Tuesday, May 10, 2011

Named Queries in Relational Databases

Databases don't provide a way to create named queries with runtime arguments.  Yes we have views but most databases are accessed via programming languages where we need to construct the SQL query. We do have the Prepared statements but again they are programming language constructs and not named database level constructs.

Benefits:
1) No need to parse queries. They are callable by name.
2) Prevents SQL injection attacks because of not parsing.
3) Easy integration with programming languages.  db.execute("myQuery", arg1, arg2,...)

4) Instead of trying to optimize every SQL query, every time, database will have the list of the most important queries it needs to answer. This allows databases to save time by pre-planning the execution in the short run and in the long run, databases can optimize the layout of files or creating of indexes automatically to optimize the access pattern.
5) Easy to change db logic. As long as the query returns the same fields (may be more), you can easily change the actual query logic without changing application code.

Their is a lot in the name.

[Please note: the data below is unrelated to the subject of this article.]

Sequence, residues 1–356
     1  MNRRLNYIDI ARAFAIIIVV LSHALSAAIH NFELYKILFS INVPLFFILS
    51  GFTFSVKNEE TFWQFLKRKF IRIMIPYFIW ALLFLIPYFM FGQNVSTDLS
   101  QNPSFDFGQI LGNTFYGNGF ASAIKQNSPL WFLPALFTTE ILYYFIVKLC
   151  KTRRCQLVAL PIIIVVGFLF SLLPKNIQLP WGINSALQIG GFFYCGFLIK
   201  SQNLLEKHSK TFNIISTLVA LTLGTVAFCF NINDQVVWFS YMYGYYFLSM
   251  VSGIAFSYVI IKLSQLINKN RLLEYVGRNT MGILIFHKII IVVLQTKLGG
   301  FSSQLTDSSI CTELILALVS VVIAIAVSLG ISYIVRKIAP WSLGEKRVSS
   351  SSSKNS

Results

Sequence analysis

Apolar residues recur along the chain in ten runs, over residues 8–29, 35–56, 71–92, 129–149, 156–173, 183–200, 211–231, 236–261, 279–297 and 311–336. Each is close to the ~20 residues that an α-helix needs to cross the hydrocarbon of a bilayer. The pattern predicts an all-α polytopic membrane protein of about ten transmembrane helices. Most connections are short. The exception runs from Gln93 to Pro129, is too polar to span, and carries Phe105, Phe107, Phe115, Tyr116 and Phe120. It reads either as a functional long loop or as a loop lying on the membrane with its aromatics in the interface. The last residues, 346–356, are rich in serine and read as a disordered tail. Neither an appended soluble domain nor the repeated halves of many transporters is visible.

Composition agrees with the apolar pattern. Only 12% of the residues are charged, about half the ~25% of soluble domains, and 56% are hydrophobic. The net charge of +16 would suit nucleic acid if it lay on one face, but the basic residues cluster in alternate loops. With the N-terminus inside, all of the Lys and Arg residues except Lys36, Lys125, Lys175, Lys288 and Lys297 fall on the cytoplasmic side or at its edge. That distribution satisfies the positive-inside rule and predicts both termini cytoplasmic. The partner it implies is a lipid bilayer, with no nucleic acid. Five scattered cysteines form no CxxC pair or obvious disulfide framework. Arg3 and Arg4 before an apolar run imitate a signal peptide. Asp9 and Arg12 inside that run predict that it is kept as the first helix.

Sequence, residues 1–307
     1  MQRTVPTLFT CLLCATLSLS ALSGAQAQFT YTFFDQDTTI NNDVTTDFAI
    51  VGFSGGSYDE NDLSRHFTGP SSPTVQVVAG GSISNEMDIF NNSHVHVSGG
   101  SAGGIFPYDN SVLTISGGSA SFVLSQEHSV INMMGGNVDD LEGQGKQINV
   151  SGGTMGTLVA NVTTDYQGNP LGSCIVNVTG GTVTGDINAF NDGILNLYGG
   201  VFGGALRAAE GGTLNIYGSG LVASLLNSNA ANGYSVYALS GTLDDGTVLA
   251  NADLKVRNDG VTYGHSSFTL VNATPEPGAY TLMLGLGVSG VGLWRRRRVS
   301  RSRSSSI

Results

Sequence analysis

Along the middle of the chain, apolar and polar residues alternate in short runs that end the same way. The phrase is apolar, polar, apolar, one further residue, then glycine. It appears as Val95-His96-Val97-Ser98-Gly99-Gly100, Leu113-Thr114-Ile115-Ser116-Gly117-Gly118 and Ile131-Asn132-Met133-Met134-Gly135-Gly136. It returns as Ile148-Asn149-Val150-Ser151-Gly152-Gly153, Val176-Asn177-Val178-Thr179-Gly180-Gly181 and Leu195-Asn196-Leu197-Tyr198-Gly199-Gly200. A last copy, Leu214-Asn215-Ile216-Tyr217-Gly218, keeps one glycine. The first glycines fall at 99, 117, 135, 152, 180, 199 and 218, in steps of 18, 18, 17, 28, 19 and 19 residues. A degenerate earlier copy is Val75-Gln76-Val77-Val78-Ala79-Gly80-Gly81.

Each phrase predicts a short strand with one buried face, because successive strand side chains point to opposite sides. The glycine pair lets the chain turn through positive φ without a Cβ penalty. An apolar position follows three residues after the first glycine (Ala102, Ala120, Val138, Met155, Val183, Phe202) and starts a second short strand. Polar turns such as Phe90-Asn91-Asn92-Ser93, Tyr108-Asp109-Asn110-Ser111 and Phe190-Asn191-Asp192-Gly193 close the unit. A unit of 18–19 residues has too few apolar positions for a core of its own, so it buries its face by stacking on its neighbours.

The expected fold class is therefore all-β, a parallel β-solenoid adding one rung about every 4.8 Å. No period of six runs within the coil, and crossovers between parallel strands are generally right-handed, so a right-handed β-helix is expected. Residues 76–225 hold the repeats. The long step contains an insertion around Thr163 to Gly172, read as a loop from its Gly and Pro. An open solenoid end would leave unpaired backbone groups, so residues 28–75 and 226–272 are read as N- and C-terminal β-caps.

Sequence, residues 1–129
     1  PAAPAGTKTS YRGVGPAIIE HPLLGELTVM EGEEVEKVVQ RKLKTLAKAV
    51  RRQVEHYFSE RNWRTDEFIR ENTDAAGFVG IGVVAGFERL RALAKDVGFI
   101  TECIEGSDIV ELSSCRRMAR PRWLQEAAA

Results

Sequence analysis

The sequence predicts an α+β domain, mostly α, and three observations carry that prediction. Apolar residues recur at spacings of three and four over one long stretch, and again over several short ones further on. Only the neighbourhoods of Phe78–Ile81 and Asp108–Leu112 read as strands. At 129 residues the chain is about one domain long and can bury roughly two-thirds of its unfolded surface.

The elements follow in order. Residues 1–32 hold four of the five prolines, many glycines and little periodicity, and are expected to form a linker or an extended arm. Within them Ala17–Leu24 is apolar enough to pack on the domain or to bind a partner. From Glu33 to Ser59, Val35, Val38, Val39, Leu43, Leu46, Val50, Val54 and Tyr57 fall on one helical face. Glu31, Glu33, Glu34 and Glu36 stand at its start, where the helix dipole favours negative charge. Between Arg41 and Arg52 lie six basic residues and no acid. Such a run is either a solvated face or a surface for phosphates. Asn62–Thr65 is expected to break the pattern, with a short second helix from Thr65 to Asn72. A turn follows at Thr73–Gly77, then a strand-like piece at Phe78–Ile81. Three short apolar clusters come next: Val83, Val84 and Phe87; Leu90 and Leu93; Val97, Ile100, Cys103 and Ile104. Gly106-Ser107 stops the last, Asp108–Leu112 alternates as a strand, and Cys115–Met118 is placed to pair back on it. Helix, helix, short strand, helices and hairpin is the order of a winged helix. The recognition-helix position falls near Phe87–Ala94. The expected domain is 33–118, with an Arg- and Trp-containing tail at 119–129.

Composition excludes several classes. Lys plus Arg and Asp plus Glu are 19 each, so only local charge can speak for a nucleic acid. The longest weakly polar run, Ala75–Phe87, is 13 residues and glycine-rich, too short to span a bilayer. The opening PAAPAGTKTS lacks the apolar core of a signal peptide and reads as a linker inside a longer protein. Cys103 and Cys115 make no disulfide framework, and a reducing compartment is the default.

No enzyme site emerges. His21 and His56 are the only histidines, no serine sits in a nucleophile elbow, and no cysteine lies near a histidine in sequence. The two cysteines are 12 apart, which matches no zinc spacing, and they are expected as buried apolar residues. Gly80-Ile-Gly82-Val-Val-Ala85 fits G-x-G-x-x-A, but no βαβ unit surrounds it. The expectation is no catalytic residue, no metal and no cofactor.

Monday, May 02, 2011

The better side of corruption

Corruption is an enabler. It thrives on inefficiency, shortcomings of the system and provides a way to get things done for a price.  People pay for stuff that is valuable to them, hence at the very least corruption is a great validation...it validates, confirms that something is important.  The answer to the question, how do I make something better becomes self evident...fix things where their is corruption.

I wanted to move from Reliance CDMA to Airtel GSM. After 2 weeks, 6 visits of 30 minutes each and asking 10 times when should I disconnect my Reliance connection, the ultimate answer is - "Sorry your request couldn't be processed because you have not disconnected your Reliance connection".

I wish Airtel guys were corrupt. They would have known what people want, how much they want it and  the best interface to execute it.